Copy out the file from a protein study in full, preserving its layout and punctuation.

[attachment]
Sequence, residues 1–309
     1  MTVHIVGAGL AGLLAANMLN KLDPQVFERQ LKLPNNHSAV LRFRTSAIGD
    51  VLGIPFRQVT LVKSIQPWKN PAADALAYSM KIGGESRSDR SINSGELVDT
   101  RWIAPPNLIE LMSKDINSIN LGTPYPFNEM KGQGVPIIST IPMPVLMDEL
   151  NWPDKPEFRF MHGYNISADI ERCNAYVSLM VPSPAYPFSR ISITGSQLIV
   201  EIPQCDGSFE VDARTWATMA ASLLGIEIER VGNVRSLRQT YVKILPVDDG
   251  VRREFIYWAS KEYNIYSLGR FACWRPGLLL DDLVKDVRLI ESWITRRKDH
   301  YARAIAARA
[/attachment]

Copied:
Sequence, residues 1–309
     1  MTVHIVGAGL AGLLAANMLN KLDPQVFERQ LKLPNNHSAV LRFRTSAIGD
    51  VLGIPFRQVT LVKSIQPWKN PAADALAYSM KIGGESRSDR SINSGELVDT
   101  RWIAPPNLIE LMSKDINSIN LGTPYPFNEM KGQGVPIIST IPMPVLMDEL
   151  NWPDKPEFRF MHGYNISADI ERCNAYVSLM VPSPAYPFSR ISITGSQLIV
   201  EIPQCDGSFE VDARTWATMA ASLLGIEIER VGNVRSLRQT YVKILPVDDG
   251  VRREFIYWAS KEYNIYSLGR FACWRPGLLL DDLVKDVRLI ESWITRRKDH
   301  YARAIAARA